- USD 22.99
The attempt to identify the emotional sources of religion goes back to antiquity. In an exploration that bridges science and spirituality, Robert C. Fuller makes the convincing case that a sense of wonder is a principal source of humanity's belief in the existence of an unseen order of life. Like no other emotion, Fuller argues, wonder prompts us to pause, admire, and open our hearts and minds.
With a voice that seamlessly blends the scientific and the contemplative, Fuller defines wonder in keeping with the tradition of Socrates--as an emotion related to curiosity and awe that stimulates engagement with the immediate physical world. He draws on the natural and social sciences to explain how wonder can, at the same time, elicit belief in the existence of a more-than-physical reality. Chapters examining emotions in evolutionary biology and the importance of wonder in human cognitive development alternate with chapters on John Muir, William James, and Rachel Carson, whom Fuller identifies as "exemplars of wonder." The writings and lives of these individuals express a functional side of emotion: that the very survival of life on earth today may depend on the empathy, compassion, and care that are aroused by a sense of wonder.
Forging new pathways between the social sciences, philosophy, belief, and cultural history, Wonder deepens our understanding of the complex sources of personal spirituality and fulfillment.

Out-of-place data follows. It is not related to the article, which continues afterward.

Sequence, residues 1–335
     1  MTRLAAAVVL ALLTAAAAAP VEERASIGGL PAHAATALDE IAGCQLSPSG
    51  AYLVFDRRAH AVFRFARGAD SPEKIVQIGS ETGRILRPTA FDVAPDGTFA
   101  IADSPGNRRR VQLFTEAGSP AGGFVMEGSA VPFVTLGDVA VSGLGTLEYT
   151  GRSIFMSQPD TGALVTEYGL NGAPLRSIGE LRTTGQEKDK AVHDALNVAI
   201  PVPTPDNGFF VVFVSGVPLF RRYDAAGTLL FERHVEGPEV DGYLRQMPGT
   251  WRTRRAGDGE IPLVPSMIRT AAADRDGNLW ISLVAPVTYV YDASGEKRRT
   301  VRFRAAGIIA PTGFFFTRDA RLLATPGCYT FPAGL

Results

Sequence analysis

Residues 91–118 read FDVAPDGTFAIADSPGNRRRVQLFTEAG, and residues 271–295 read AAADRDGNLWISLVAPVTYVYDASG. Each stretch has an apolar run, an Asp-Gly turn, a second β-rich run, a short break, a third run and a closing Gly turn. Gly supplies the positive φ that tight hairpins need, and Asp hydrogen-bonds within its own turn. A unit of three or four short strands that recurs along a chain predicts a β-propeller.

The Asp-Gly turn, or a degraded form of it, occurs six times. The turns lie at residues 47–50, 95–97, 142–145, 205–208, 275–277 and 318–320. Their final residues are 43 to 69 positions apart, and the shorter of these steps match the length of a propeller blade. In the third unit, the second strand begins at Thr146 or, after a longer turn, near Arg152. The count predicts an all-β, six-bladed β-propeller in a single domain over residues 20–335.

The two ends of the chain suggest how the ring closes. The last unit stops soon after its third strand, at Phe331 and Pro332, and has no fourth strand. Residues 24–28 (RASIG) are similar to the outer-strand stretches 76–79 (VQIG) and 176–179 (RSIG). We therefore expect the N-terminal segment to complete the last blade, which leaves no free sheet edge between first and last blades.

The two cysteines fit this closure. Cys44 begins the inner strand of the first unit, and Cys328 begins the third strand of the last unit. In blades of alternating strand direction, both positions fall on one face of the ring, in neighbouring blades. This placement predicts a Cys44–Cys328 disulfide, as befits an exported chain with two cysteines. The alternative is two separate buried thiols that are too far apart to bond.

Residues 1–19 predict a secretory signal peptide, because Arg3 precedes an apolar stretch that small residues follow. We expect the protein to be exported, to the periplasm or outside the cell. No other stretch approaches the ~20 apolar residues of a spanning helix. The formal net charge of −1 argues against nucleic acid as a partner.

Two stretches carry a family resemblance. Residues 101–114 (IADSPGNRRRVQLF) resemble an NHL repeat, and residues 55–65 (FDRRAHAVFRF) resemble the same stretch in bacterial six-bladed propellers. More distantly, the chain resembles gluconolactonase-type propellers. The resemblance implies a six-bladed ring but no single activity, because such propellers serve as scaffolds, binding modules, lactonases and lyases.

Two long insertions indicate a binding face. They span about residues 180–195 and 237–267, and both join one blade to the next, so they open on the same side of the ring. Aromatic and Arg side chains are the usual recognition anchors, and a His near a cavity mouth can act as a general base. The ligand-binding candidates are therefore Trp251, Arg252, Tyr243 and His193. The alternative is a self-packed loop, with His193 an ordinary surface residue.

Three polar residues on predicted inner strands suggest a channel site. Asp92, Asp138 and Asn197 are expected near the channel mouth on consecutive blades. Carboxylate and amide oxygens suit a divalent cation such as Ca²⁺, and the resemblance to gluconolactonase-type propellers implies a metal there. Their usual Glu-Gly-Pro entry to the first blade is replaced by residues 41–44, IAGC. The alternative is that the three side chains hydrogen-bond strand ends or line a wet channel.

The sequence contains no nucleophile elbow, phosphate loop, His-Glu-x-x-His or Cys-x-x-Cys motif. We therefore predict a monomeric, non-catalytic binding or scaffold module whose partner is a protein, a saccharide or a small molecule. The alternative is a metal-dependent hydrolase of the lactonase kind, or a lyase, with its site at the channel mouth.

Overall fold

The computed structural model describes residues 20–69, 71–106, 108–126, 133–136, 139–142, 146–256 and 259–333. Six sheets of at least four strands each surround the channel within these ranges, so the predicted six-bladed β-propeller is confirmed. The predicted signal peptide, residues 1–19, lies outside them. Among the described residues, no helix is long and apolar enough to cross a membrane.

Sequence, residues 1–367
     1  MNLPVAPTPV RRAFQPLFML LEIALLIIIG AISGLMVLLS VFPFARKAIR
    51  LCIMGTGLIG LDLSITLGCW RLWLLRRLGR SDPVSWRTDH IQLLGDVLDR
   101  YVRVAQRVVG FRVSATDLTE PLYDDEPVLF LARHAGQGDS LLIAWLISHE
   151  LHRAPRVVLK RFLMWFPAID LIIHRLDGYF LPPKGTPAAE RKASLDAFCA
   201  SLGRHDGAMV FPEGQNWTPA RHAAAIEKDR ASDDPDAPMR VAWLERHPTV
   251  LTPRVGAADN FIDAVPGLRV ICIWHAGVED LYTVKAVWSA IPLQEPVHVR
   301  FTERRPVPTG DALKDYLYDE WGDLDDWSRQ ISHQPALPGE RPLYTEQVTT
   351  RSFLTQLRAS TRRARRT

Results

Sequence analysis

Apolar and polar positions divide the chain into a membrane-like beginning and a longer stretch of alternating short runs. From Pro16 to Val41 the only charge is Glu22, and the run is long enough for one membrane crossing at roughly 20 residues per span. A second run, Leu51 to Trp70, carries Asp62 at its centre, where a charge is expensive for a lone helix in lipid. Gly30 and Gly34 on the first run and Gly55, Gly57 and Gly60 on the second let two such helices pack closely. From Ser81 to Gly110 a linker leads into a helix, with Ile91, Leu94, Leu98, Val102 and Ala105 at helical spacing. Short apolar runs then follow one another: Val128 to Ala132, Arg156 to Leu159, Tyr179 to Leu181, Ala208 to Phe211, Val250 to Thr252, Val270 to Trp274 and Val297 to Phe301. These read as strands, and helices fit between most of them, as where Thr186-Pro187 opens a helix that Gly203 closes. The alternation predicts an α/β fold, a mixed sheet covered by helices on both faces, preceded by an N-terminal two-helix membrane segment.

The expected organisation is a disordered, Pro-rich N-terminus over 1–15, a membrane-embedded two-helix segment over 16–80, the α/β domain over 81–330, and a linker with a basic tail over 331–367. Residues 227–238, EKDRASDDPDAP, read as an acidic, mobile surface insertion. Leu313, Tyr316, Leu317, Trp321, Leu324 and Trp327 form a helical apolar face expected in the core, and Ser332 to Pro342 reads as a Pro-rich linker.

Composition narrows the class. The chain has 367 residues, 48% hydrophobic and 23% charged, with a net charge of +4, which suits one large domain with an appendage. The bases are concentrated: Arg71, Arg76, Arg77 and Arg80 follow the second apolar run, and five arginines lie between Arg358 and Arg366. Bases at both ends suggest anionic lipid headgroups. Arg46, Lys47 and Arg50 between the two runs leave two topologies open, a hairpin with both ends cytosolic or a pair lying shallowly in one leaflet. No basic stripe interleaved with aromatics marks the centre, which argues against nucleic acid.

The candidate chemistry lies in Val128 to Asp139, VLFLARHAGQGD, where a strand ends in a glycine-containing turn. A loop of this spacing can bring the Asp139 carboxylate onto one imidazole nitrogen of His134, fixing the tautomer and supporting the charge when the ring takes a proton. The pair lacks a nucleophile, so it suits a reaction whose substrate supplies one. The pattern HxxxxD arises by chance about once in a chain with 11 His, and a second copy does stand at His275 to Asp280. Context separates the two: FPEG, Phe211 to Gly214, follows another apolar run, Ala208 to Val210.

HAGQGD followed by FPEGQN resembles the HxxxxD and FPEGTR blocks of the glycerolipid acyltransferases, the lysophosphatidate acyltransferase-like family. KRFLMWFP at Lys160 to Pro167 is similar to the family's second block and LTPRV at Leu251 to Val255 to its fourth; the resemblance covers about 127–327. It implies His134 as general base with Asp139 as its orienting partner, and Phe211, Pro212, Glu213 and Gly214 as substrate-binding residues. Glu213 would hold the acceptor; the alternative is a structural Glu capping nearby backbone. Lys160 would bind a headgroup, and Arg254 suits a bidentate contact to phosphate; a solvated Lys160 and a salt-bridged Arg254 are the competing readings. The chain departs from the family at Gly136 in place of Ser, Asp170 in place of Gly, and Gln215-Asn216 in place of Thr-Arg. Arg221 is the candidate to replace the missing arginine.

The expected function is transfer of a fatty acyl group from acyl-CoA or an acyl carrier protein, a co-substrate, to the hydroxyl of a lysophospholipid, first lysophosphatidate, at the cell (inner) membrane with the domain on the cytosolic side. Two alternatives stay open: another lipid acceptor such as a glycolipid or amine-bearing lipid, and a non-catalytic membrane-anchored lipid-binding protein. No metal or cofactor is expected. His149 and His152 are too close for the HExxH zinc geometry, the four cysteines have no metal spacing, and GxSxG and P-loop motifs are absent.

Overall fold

It seems self-contradictory that one could write tediously about wonder, but religious studies scholar Fuller (Spiritual but Not Religious: Understanding Unchurched America) manages to do just that as he chronicles the study of wonder's evolutionary-adaptive uses in Darwin's The Expression of the Emotions in Man and Animals and its ethical applications in philosopher Martha Nussbaum's writings on emotions. Wonder opens us to an unseen world beyond ourselves, Fuller observes, permitting us to think of wonder more as a religious sensibility than an emotion. Fuller offers short case studies of John Muir, William James and Rachel Carson to show how these three saw the world around them as an ineffable mystery whose organic unity calls for an experience of wonder rather than a cold scientific explanation. Fuller prosaically concludes that wonder functions as a neurophysiological response to unexpected events and that it seeks to penetrate what can't be seen; thus, wonder is "one of the principal sources of belief in an unseen order." Fuller's book is repetitious he relates the story about the lack of the word "wonder" in psychology textbooks three times in close succession and reveals little compelling or new information. 3 illus.